Oct. 16 (UPI) -- A federal judge Monday refused to throw out any of the 18 charges -- including bribery -- in the corruption case against U.S. Sen. Robert Menendez.
The New Jersey Democrat's defense team asked U.S. District Court Judge William Walls to toss the charges after the prosecution rested its case last week.
Wall said the evidence appeared to meet the legal test for proving bribery, and that it's the jury's responsibility to make a judgment.
"The jury will decide what happened," Walls said. "That's why we're going to the jury."
Defense lawyers will now begin presenting their case.
Menendez is accused of accepting illegal gifts and more than $700,000 in poltical contributions from a Florida eye doctor, Salomon Melgen.
In return, prosecutors said Menendez attempted to help Melgen quash a Medicare case and resolve a $500 million port security contract dispute with the Dominican Republic -- as well as obtaining visas for three of Melgen's girlfriends.
Defense lawyers said Menendez never agreed to perform any specific act when he received the favors from Melgen. They said it did not meet the higher legal standard established by the U.S. Supreme Court's 2016 decision that threw out bribery charges against former Virginia Gov. Robert McDonnell.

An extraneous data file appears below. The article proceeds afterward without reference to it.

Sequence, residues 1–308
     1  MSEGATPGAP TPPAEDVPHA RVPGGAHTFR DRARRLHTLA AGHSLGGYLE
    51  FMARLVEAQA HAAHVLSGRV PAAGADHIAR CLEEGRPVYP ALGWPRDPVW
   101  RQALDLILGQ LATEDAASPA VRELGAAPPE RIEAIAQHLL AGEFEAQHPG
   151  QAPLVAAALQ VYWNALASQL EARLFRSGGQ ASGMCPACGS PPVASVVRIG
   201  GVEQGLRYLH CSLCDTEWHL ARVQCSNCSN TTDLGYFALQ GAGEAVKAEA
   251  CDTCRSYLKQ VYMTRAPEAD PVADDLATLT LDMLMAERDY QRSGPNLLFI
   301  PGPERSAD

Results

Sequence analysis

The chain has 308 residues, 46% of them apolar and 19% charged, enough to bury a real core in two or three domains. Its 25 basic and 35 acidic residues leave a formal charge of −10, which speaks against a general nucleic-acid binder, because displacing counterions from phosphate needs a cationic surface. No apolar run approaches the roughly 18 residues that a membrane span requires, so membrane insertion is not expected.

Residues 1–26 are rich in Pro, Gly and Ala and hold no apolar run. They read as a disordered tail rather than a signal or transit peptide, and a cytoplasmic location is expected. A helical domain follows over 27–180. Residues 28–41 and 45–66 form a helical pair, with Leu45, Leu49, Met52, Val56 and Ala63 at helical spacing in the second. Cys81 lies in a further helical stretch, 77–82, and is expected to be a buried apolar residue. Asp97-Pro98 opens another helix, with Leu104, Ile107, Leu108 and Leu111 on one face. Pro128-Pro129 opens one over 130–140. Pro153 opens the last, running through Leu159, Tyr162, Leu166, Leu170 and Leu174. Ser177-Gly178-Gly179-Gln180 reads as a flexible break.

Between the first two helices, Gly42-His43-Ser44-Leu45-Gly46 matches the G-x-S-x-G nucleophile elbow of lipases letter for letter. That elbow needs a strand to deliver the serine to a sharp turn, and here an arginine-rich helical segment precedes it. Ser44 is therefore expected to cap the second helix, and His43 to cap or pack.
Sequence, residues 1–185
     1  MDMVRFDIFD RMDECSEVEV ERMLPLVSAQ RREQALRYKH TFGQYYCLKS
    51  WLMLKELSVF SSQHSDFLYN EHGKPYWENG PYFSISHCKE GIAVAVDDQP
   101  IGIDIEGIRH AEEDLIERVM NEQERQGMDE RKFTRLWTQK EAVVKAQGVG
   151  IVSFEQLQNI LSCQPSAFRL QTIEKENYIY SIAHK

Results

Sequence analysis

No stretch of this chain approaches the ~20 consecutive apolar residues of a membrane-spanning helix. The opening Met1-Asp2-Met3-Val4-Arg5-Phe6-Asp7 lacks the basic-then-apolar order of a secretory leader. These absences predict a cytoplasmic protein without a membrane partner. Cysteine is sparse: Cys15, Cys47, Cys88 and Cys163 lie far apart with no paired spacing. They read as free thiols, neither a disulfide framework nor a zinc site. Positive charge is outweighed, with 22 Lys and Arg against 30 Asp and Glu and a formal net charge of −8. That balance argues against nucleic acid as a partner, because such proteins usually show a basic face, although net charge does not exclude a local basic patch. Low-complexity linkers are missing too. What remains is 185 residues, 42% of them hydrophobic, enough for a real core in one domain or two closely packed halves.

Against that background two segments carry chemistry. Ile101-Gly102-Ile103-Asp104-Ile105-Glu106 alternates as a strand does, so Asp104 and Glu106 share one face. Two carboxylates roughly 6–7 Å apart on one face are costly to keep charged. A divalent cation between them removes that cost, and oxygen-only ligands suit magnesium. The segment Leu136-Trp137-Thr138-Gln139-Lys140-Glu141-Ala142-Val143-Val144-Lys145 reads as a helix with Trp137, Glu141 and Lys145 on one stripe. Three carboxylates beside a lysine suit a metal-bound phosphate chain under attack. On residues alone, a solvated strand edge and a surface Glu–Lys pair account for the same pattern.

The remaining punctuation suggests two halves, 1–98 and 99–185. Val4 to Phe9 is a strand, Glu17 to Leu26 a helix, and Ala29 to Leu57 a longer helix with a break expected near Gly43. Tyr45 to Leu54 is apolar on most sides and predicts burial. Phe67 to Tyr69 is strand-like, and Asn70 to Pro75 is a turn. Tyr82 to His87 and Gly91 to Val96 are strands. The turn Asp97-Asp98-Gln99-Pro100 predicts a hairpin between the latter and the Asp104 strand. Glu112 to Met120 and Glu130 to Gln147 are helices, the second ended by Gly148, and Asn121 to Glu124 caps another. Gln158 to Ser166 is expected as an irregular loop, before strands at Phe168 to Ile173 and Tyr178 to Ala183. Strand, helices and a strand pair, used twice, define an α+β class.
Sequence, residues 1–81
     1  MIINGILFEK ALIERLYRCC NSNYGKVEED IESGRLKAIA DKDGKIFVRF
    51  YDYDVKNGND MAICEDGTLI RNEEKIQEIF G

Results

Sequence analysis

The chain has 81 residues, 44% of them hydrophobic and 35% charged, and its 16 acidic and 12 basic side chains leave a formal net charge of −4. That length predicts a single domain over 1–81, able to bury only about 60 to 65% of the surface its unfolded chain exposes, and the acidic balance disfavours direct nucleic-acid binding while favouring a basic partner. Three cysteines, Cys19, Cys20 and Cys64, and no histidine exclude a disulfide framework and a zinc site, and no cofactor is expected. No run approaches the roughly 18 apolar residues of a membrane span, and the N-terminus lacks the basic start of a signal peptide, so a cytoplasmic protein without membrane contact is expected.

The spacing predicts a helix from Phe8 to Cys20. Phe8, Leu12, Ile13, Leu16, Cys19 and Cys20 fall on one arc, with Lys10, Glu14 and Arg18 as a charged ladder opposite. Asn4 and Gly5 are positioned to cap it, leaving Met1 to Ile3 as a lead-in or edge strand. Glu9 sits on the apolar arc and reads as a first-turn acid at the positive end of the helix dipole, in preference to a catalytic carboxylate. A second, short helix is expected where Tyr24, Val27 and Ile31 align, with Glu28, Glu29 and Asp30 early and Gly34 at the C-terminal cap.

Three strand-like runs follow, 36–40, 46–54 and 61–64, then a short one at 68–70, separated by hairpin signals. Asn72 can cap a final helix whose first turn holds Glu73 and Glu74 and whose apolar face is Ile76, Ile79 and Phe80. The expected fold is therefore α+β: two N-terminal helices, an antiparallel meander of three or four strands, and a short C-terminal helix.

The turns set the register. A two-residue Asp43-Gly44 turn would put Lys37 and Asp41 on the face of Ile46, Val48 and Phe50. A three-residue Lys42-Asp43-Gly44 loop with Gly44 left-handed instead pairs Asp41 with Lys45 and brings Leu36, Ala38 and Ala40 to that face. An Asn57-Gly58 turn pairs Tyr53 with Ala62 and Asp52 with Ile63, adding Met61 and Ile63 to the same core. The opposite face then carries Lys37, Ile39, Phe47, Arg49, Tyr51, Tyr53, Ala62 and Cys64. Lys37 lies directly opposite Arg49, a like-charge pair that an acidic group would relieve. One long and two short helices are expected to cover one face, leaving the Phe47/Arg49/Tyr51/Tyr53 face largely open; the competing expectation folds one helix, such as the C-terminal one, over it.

Prosecutors said the case "captures the most egregious forms of bribery where, like here, corruption is so pervasive that it involves more than a single gift or an isolated official act and often lasts for years.
Walls agreed with the government's position, saying "the court concludes that a rational jury could determine that the defendants entered into a quid pro quo agreement."
"Payment may be made with intent to retain official services on an as-needed bases, so whenever the opportunity presents itself the official will take official action on behalf of the payer's benefit," he said.
Walls also refused to toss out another charge that Menendez intentionally didn't disclose his gifts.
In March, the Supreme Court refused to throw out bribery and corruption charges against Menendez.
Menendez, up for re-election in 2018, was indicted in April 2015. He is the first U.S. senator to face federal bribery charges since 1980.
In April, a federal jury in Palm Beach County, Fla., convicted Melgen of 67 charges in a massive scheme that robbed Medicare out of as much as $105 million.